Judy wanted me to move out, which I gladly agreed. Serena said she was surprised that I stayed for so long – 4.5 years – when I told her I moved out. I laughed at the absurdity.
The cheap rent allowed me to put most of my salary aside for saving. In 4 years I was able to save six digits in cash, but the memory of fund shortage several years earlier in London held me back from spending on a decent living environment I deserved. I remained in an 80 square feet spare room of Judy’s condo, where two of her cats pooped at the corner of the living room and urinated on blankets because the litter was only cleaned once in 4 days. It had, however, a beautiful view of the bay from the balcony. The sun rose over the mountain across the bay and lit the spacious living room through floor-to-ceiling windows, between the half-dead giant indoor plants.
In the last six months of living together, I rarely spoke to her. I tried to avoid her, but I had nowhere to escape to now that I had left D.
I had stopped considering her as a decent adult early on in our cohabitation. Not only her lack of hygiene disgusted me but also the patronizing tone she adopted as a teacher, and her pseudo-spirituality irritated me.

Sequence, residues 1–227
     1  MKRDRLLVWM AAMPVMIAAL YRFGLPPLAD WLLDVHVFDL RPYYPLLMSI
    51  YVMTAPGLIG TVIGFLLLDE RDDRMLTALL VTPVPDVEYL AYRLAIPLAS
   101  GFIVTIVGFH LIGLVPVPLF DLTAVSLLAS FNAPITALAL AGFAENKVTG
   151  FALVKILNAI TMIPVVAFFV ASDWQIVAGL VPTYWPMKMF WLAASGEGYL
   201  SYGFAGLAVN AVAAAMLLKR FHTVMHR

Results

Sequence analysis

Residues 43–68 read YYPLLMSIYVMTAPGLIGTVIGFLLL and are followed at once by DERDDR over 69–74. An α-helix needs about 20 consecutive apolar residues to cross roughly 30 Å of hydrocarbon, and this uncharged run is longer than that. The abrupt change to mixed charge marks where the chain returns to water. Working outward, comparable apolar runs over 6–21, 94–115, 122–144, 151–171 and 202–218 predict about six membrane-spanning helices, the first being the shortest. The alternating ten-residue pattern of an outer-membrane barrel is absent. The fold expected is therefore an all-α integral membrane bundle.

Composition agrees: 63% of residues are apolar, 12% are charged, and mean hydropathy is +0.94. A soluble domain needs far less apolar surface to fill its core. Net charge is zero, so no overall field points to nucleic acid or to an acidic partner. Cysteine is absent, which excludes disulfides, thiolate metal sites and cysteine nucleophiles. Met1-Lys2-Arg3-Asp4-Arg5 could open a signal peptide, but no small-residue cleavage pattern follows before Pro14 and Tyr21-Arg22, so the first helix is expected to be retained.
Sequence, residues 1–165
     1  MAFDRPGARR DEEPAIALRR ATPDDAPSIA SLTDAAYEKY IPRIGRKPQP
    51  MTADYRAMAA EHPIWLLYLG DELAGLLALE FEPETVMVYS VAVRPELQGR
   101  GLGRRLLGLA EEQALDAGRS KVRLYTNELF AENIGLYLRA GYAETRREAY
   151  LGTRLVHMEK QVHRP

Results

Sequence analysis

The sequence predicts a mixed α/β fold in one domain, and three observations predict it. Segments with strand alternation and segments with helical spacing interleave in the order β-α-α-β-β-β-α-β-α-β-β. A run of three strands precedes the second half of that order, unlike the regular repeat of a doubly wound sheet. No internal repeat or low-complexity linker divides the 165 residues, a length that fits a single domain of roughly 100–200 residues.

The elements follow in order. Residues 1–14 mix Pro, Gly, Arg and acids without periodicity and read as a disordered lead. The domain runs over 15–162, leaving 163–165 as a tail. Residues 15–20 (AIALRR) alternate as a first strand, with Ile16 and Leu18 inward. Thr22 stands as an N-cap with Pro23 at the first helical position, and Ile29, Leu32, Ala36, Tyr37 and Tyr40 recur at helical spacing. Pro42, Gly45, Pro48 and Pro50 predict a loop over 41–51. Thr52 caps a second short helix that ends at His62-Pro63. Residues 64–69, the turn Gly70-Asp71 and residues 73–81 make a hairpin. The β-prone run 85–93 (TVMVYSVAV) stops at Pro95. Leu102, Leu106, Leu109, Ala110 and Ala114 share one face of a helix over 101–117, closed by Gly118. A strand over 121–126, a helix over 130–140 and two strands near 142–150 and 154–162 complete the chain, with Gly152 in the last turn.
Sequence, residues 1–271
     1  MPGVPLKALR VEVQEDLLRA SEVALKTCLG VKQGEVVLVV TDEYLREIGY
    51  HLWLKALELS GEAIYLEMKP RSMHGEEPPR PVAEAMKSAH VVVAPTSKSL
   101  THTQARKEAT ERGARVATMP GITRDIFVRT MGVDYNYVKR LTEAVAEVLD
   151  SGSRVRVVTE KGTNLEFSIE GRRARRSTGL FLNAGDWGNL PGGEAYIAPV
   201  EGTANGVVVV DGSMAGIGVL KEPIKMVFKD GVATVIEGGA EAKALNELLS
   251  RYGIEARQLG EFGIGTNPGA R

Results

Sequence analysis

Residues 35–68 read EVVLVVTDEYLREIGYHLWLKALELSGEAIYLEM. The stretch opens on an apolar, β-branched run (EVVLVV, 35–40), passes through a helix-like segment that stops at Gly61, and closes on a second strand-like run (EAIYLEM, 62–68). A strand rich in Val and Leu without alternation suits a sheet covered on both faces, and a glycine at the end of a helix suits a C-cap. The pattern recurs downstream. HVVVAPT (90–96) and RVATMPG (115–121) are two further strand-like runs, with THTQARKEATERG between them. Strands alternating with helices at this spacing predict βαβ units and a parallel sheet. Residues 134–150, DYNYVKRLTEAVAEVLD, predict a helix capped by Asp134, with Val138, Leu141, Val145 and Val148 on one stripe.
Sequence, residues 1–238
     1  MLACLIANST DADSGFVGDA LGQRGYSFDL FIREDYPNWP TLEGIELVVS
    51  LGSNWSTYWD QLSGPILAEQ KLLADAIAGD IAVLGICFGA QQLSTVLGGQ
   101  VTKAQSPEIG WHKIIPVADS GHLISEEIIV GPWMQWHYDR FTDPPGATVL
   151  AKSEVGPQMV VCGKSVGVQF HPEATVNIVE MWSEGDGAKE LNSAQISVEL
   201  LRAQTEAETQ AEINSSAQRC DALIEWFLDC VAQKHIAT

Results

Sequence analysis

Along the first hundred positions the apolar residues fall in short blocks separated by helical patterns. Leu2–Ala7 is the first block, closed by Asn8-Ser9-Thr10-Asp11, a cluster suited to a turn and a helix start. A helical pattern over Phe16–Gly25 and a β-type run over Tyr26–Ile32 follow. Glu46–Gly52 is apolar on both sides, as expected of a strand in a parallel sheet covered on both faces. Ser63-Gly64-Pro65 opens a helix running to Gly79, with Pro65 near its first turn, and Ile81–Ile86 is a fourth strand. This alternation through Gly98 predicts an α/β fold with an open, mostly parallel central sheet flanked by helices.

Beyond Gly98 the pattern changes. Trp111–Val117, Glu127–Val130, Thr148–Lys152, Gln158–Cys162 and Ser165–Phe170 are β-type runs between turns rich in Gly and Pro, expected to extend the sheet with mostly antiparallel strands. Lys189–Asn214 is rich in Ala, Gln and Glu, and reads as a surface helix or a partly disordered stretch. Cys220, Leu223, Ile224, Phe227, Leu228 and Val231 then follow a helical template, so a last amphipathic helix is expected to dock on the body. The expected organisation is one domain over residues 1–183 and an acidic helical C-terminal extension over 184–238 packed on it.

What determined my abhorrence was when she said women over 35 should not procreate. She was a special education teacher and said that mothers of those children were highly educated and accomplished, but they delayed motherhood and, as a result, brought disabled children into the world. She continued that women over 35 were in denial that their body was no longer apt for conceiving, and she was 42 and would probably never have children. When she made this speech for the second time, I told her she shouldn’t say that in public. She said she was sorry if I was offended. I said I was not offended, she just should not say that to anyone.